I counted. EIGHTEEN TIMES now, since 1998, I’ve participated as an “expert” in the traditional “meet the experts” event at Novell BrainShare in some country or another. EIGHTEEN TIMES.
It goes like this. I sit in a director’s chair next to an easel with an oversized pad of paper and a marker. Anywhere between 50 and 200 Novell employees are in similar chairs with similar easels. We sit, while convention delegates approach us and ask questions, which we deign to answer.
Easy enough. Let’s make it harder.
Instead of questions, per se, let’s have them asking for changes to the product. Since I can’t code these myself, and since they’ll certainly impact project plans if it wasn’t something we were already planning to do, I have to come up with an answer that appeases, sounds vaguely positive, and does NOT mean “yes, you’re going to get what you want in the next release of the product.” THEN I have to collect sufficient information to be able to prioritize these requests (assuming they’re new — only about 20% of them are).
Not hard enough? Okay, NOW let’s run the event in the evening, with finger food, muzak, booze, and enough resulting ambient noise that anything I say has to be said in my “play to the back of the theatre” voice in order to be understood.
Still too easy? Fine. Let’s do it in Europe, where regardless of what I say, I’ll be misunderstood thanks to my high-speed american english, and I’ll be answering the wrong question ANYWAY since it was asked in the second language of someone whose accent I’m not yet familiar with, and who is struggling with the syllables since his/her tongue is very-nearly pickled in free booze.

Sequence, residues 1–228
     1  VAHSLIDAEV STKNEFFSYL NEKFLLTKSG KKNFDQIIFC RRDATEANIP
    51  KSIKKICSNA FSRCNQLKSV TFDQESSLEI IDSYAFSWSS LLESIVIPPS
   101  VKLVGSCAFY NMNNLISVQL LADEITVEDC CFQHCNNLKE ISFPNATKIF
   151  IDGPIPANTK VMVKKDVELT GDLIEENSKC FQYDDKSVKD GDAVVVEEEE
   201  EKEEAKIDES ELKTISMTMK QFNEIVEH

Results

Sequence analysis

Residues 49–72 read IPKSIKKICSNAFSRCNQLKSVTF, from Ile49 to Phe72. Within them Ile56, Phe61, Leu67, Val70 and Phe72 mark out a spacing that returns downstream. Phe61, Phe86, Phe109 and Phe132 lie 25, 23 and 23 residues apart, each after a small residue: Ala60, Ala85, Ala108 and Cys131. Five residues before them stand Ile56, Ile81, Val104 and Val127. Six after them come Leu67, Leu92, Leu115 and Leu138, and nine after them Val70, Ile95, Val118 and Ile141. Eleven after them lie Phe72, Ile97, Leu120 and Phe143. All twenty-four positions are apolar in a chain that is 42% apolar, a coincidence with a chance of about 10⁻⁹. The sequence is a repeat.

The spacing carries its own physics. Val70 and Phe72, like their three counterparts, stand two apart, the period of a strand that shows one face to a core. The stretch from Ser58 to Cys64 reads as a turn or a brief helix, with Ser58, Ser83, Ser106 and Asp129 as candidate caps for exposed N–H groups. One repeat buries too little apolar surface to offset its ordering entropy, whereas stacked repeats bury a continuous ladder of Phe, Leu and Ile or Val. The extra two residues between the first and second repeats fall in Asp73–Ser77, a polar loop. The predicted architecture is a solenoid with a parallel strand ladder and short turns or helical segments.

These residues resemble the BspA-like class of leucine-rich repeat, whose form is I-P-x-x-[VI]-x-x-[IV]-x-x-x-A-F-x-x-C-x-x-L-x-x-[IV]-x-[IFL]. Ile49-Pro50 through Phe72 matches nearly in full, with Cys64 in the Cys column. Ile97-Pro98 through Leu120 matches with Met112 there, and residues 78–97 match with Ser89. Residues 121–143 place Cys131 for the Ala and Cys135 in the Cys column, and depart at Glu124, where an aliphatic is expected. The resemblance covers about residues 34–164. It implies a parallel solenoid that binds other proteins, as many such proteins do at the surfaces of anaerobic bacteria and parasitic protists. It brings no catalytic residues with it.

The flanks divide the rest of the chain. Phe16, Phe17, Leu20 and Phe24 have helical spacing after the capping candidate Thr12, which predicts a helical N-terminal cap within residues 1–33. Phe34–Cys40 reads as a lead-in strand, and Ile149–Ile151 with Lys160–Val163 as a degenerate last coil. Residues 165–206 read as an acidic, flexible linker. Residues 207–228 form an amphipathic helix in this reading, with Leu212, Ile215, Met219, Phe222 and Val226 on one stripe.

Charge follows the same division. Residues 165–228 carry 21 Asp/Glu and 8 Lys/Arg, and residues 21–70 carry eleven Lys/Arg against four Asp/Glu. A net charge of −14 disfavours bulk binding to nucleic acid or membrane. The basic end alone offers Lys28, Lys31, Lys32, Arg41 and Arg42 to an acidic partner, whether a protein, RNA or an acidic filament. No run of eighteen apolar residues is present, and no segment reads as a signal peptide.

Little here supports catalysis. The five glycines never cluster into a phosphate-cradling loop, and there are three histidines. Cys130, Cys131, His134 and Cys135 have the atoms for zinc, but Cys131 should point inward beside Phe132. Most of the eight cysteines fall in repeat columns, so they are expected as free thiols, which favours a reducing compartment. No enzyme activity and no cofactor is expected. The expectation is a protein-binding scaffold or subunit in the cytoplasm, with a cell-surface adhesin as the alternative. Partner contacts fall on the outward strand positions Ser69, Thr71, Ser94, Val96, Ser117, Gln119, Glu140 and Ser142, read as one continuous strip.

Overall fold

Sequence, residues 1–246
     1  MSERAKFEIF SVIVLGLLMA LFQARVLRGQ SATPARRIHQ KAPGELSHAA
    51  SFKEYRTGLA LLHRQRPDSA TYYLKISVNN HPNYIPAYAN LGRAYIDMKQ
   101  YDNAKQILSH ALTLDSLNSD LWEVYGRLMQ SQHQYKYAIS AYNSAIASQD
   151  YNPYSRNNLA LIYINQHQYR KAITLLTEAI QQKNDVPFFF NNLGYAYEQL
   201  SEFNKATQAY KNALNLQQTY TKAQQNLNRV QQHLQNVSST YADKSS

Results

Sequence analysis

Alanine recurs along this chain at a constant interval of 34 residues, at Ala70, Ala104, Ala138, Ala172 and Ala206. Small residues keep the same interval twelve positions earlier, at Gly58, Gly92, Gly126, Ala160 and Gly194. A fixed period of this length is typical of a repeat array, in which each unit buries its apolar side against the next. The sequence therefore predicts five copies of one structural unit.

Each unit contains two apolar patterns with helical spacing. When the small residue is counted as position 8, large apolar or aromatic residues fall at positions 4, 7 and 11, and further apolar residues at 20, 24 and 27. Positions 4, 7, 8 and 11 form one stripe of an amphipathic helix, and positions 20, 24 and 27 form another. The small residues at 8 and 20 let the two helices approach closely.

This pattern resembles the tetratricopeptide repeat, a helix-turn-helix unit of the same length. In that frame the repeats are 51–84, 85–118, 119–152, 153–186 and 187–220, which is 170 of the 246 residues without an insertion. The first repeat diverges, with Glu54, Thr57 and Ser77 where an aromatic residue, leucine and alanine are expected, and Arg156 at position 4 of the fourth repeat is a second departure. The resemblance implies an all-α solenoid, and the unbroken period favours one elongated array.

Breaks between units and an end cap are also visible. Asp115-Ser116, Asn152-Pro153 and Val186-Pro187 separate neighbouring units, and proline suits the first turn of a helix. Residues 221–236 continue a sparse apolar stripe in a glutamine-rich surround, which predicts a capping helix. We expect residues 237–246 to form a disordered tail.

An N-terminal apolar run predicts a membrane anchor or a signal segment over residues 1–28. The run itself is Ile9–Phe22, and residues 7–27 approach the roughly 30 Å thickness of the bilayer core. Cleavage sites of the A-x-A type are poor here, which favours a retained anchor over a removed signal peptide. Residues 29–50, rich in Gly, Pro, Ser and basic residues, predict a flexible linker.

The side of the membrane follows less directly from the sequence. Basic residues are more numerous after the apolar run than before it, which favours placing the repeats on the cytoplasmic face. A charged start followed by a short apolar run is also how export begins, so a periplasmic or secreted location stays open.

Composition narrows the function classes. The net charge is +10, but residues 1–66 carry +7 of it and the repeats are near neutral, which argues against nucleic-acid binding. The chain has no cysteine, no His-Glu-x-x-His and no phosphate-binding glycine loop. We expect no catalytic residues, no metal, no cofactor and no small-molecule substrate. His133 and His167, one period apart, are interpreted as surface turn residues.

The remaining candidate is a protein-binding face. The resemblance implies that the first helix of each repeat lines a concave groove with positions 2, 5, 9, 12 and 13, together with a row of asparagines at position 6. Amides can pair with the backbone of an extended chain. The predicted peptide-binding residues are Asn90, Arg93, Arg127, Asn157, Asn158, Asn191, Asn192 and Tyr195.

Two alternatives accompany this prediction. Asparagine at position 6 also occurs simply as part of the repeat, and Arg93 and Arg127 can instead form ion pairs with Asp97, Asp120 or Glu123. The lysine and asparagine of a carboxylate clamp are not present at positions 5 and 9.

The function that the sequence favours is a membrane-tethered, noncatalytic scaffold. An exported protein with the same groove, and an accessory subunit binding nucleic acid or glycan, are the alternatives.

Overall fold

18 times I’ve done this in the course of the last seven years. Fortunately, six times were in Salt Lake City where accents were less of a problem, but this last one in Barcelona last night… wow.
I’ll spare you the specifics, saying only that last night all 18 events finally ran together in my long-term storage, cranially concatenated into a single, painful blur.
I got back to my hotel room at 11:30, which is too late to take any sleeping pills. They’d just knock me out until 11:00 in the morning. In retrospect, I should have taken the pills. I had insomnia, and didn’t fall properly asleep until 5am… at which point I zonked out solidly for five hours, awakening only when the
cranky wench certainly underappreciated lady fromhousekeeping opened my door and announced herself.
“Meet the Experts.” My nemesis. When I find your weakness, I’ll track you to your secret lair, and exact not only revenge, but permanent solace for myself and Novell employees across the world. Someday…